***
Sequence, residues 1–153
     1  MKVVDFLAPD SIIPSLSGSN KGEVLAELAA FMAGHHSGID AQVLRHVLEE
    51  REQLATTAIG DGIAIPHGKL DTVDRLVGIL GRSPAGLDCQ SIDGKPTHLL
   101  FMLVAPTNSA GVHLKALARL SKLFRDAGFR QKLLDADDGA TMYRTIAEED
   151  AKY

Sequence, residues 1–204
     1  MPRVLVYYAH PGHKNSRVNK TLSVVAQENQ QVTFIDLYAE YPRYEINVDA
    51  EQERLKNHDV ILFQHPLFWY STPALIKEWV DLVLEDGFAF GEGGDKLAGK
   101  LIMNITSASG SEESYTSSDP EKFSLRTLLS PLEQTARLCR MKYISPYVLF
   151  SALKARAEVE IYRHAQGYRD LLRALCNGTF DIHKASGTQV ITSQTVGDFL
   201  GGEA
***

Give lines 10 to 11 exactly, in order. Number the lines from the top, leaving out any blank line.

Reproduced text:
   151  SALKARAEVE IYRHAQGYRD LLRALCNGTF DIHKASGTQV ITSQTVGDFL
   201  GGEA